Swimming pools can become contaminated by disease-causing microorganisms such as E.coli 0157.H7, Shigella, Giardia and Cryptosporidium. These microorganisms enter pool water through fecal matter and you can become sick if you accidently swallow contaminated water. This is known as recreational water illness or RWI.
The first defense against recreational water illness is maintaining proper chlorine and pH levels in the pool.
Microorganisms that cause recreational water illnesses are killed by chlorine. Unfortunately, chlorine can take some time to kill the organisms. Cryptosporidium, for example, can live for days in a pool making it important to make sure chlorine residuals (levels) are maintained at levels recommended by the Department of Health-between 1.0 and 3.0 ppm.
Many things can affect chlorine levels in pool water such as sunlight, debris, dirt and fecal materiel from swimmers' bodies. That is why it is essential to routinely measure and record the chlorine residual in the pool at least four times a day* - optimally at the beginning of the day and after each swim event or activity.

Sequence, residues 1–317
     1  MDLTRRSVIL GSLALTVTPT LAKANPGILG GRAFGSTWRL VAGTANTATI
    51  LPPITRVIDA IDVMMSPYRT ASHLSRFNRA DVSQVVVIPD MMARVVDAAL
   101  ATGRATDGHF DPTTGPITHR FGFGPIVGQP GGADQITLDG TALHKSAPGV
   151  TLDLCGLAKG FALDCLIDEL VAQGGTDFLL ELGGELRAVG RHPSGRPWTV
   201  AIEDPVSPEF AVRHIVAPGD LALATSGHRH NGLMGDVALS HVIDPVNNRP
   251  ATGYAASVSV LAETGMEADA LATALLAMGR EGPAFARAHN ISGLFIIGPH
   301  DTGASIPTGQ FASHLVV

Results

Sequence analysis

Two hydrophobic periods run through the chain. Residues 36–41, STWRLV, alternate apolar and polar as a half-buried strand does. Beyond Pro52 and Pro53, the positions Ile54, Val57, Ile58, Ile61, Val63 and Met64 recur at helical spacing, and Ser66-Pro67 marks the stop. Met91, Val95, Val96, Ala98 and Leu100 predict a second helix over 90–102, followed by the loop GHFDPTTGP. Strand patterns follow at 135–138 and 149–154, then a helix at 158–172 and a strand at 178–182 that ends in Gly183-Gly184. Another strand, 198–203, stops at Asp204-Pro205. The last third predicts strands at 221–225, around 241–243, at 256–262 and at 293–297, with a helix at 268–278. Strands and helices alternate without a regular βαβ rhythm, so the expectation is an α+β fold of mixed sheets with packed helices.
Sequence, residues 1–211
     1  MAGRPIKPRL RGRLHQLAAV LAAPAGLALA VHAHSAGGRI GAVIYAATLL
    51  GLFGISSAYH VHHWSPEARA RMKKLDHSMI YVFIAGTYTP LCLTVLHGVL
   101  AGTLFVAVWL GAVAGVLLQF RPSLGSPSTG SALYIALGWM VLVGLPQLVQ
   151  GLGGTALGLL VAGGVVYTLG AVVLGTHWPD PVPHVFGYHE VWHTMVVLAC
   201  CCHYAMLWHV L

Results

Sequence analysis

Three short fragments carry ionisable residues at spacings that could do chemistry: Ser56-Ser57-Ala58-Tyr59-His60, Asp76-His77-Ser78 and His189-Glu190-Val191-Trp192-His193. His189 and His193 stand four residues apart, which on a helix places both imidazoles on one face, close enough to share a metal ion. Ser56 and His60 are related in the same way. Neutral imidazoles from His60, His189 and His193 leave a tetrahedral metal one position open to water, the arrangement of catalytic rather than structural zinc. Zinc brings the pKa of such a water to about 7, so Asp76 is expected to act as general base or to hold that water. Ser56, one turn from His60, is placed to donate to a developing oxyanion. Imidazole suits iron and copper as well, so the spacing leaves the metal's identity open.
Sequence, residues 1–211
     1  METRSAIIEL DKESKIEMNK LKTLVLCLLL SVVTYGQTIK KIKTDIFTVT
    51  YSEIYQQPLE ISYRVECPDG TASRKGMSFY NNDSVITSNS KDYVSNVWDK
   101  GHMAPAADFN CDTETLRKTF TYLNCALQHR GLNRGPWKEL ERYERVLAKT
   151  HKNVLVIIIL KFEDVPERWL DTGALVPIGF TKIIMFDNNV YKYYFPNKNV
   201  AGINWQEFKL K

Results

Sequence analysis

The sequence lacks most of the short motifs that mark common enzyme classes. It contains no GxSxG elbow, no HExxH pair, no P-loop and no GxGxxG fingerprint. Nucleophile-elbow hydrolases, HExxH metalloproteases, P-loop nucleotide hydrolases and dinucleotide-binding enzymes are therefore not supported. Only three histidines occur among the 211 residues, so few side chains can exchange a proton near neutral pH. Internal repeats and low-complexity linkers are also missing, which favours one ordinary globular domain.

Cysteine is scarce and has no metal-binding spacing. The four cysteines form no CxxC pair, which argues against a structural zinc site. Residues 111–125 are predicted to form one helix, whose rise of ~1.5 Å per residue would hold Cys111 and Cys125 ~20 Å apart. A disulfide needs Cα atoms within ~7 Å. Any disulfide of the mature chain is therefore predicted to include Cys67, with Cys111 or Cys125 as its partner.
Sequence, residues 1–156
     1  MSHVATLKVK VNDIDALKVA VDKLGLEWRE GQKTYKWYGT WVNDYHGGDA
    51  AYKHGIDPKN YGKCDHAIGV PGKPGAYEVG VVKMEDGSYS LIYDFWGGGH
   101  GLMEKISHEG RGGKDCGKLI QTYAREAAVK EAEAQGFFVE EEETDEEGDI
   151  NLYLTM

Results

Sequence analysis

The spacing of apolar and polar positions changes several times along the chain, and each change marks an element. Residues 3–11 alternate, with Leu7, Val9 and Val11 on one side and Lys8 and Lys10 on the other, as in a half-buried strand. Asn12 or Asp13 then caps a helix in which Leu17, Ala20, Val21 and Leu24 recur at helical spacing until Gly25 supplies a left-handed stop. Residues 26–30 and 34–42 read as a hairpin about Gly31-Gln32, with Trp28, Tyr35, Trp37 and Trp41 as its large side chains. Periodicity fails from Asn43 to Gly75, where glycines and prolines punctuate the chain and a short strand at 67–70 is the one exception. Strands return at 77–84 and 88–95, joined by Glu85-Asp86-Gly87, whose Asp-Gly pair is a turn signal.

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The amount of time it takes chlorine to work in a pool is also affected by the pH of the pool. The ability of chlorine to kill microorganisms varies with the pH. As the pH increases, the disinfectant ability of chlorine goes down.
Keeping pH in the 7.2 - 7.8 range (see chart) will maximize the chlorine disinfecting power as well as maintain swimmer comfort.
For instance, the pH of a swimmer's body is between 7.2 and 7.8 so if the pH of the pool is not within this range a swimmer may start to feel eye and skin irritation.
The best way to kill microorganisms in pool water is by measuring and adjusting the chlorine and pH. Unfortunately, even in the best maintained pools some organisms survive for a long time.
That's why it is especially important that patrons know what they should do to reduce the risk of recreational water illnesses. This include such things as not swimming when ill or have diarrhea, not swallowing pool water, taking frequent bathroom breaks, and practising good hygiene like washing their hands after using the toilet.